"We have talked about it between ourselves and I think both of us would choose to do that differently," says Sturgeon, looking back on the broadcast, but then sidesteps into the observation that in the media and on social media, with some honourable exceptions, an impression is given of "a nasty, divisive debate", while in Scotland's communities the debate has "a completely different vibe and feel" and is very positive. This comes close to sounding as if she is blaming the media (when clearly politicians are more than capable of pitching into conflict without prompting by journalists), but she stresses that is not what she intends.

That televised debate did not do either politician many favours, but perhaps even more notable than the ill-tempered exchanges themselves, were some of the overtly sexist comments afterwards. Terms like "cat fight" and "shrill" were used, with depressing predictability. Sturgeon has had more than her fair share of such epithets in the past - how she must roll her eyes at being described as a "nippy sweetie". How much, honestly, does it annoy her?

"I probably am the wrong person to ask because I guess I get more angry about it when I see it directed against other women," she says. "I have become personally a bit inured to it over the years. You try not to allow yourself to get too drawn into that because some of the comments you see or hear or read about are very personal in terms of how you look and what you wear and the rest of it, so it's maybe a bit of a personal defence mechanism.

"It tends to be when I read that sort of thing about other women that I get most angry. So much of it is downright sexist and nasty. It's terminology that wouldn't be used about a man. Going back to the debate Johann and I had, which I don't think either of us are trying to defend: if that had been a debate between two men, it wouldn't have caused those comments. Maybe it's because people expect more when it's women and maybe we should embrace that positively."

Maybe, but that's not equality.

Sturgeon has an eight-year-old niece, who has so far shown no desire to get into politics. But if she did, her aunt would not want her to have to put up with such treatment. "We've all got an obligation to make politics something that people aspire to do for all the right reasons and that women don't feel that they've got a whole extra set of issues to contemplate before thinking that it's something for them."

She says that when she first came into politics, the pressure then, though she was not necessarily conscious of it at the time, was "to conform to the male model of doing politics ... to go along with the adversarial element of it".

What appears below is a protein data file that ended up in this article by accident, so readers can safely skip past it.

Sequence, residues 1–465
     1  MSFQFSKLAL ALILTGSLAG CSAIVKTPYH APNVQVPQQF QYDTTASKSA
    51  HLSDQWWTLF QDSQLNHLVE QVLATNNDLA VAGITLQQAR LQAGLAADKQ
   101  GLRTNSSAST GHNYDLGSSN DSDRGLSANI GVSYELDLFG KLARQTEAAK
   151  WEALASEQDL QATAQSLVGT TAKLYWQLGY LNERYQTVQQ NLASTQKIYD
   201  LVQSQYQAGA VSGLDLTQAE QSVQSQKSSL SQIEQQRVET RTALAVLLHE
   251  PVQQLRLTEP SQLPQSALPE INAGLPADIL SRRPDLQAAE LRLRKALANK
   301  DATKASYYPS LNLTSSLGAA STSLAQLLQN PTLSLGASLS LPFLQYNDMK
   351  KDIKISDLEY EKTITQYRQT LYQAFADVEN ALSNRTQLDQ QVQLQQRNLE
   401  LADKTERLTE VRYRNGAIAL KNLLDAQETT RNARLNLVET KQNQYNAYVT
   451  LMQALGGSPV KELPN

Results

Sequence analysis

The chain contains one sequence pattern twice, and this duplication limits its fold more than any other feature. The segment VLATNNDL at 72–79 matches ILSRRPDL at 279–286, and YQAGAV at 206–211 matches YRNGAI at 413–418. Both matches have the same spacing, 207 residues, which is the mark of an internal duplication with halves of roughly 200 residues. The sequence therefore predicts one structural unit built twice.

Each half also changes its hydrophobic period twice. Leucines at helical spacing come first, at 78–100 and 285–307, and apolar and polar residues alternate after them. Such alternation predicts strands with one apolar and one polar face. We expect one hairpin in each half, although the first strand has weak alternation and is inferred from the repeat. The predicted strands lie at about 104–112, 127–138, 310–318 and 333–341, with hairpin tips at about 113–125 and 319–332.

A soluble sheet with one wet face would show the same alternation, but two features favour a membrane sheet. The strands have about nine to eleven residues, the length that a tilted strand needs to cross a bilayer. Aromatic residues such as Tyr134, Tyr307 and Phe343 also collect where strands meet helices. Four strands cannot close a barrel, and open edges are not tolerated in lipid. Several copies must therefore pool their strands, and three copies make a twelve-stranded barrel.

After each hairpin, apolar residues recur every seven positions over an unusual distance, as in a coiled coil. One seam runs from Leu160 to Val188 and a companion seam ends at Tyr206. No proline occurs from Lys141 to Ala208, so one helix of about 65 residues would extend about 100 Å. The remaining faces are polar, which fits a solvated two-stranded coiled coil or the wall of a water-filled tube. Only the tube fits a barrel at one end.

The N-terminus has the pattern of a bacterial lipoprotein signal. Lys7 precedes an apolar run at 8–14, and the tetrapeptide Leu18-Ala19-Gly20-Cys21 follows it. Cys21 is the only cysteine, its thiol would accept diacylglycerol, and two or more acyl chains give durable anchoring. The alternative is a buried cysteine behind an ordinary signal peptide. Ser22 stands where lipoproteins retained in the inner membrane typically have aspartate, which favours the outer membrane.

"That that's how you are conditioned to be. But then you get criticised because you're not being female enough. But if you then become all female about it, you get criticised for not being serious enough. So you are kind of caught in the middle.

"When a guy would be getting called assertive, you are getting called aggressive. If Johann and I had burst into tears in that debate, not that we would have done, but if we'd shown any sign of weakness, we'd have been hammered much more than a man would have been for that as well. So what do I hope for? That women can just be themselves."

There are a greater proportion of women at Holyrood than at Westminster, but the Scottish Parliament has nevertheless developed a more confrontational style of politics than some of its architects had hoped for.

Sturgeon notes that while politics will always have an adversarial element to it, Holyrood is much more given to collaborative work and sensible debate than television viewers who only see First Minister's Questions, might think.

She has been there for 15 years, and is currently MSP for Glasgow Southside (she lives in the city with her husband, SNP chief executive Peter Murrell). So does she have friendships with people in other parties?

"There are people in all of the other parties that I like and respect and get on with very well with." She is hesitant about naming names, but gamely offers that "I like people like Kez Dugdale on the Labour benches, I think Willie Rennie's a decent guy that I get on fine with, Mary Scanlon on the Tory benches - she and I had a history when I was health secretary and she opposition health. So yeah, I like people in all of the parties."

She does not want to see Lamont or Davidson become First Minister, but thinks it "really positive" to see prominent women on both sides of the campaign. There is the future to consider and "that can only be good for younger women".